Language learning research at EF
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Language learning research at EF


A language is the basis of our human cognition. But, at the same time,
it’s a window to different cultures. Ultimately, it’s the vehicle –
the way to understand human civilization. We teach languages around the world in lots
of different environments, which means that, over time, we’ve accumulated a lot of
knowledge about our students: where they come from and where they’re going. We’ve decided to partner with leading
institutions around the world to give them access to this incredible
data so that we can explore more about how languages are learned,
and also help the field teach them better. Researchers are very excited about working with
EF because we have such a wide range of students. We have students from three years old
up to executives and professionals. We also have students studying in
a lot of different learning environments, including online and face-to-face classroom
experiences, and study abroad. The EF research network includes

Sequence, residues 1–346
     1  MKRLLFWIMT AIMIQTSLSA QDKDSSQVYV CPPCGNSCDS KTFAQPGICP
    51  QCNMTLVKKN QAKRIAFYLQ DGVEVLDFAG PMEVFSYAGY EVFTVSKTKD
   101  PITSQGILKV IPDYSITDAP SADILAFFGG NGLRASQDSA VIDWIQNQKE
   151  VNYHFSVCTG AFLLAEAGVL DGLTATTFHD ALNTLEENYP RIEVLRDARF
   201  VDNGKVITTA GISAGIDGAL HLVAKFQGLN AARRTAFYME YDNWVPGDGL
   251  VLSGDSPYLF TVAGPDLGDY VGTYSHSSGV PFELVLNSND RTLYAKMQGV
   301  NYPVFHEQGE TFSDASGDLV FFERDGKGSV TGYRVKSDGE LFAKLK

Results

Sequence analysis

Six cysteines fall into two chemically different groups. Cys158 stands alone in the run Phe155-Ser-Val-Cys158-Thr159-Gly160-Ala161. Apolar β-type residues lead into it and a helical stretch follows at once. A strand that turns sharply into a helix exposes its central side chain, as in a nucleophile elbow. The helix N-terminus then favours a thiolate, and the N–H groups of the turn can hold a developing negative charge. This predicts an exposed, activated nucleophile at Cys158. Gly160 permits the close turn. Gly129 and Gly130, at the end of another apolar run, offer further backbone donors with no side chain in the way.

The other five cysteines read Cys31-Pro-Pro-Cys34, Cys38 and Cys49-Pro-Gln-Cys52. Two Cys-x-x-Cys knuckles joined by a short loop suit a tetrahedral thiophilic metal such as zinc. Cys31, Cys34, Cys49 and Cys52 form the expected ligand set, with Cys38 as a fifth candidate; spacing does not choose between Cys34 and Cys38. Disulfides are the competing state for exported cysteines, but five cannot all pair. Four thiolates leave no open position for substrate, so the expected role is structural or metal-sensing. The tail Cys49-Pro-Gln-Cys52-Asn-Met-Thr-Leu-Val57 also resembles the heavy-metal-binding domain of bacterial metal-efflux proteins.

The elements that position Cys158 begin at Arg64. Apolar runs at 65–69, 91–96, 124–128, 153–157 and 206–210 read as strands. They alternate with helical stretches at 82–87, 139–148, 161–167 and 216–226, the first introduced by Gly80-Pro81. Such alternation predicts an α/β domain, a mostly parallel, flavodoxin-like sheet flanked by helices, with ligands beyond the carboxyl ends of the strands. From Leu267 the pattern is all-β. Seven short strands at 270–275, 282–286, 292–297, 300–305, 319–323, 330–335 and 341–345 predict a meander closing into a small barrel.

universities around the world including University of Tokyo and the
Harvard Graduate School of Education. But, our longest running partnership
has been with Cambridge University. The first project we did was to put together the
EF-Cambridge Open Language Database, EFCAMDAT. EFCAMDAT is a corpus of writings of the thousands
and thousands of EF students across the world. The reason we built that is because it gives us
the opportunity to study the writings and understand the different
patterns, errors and challenges that learners from different backgrounds face,
and to get a better understanding of the developmental trajectory
of different groups of learners. Students’ first languages affect
how they learn a second language. They influence the types of errors they’re likely
to make, as well as what they find easy to learn. We help build a very unique resource
and I think, for the first time, we can look at many different profiles of learners
across the globe, from very different linguistic backgrounds. For the first time, we have the opportunity, if you wish,
to build the world atlas of second-language acquisition, so that’s really exciting and very optimistic. I’m very excited about the future
of language-learning research. I think the kind of data we have
now is totally unprecedented, so we’re able to make discoveries that
would have been impossible just 20 years ago.

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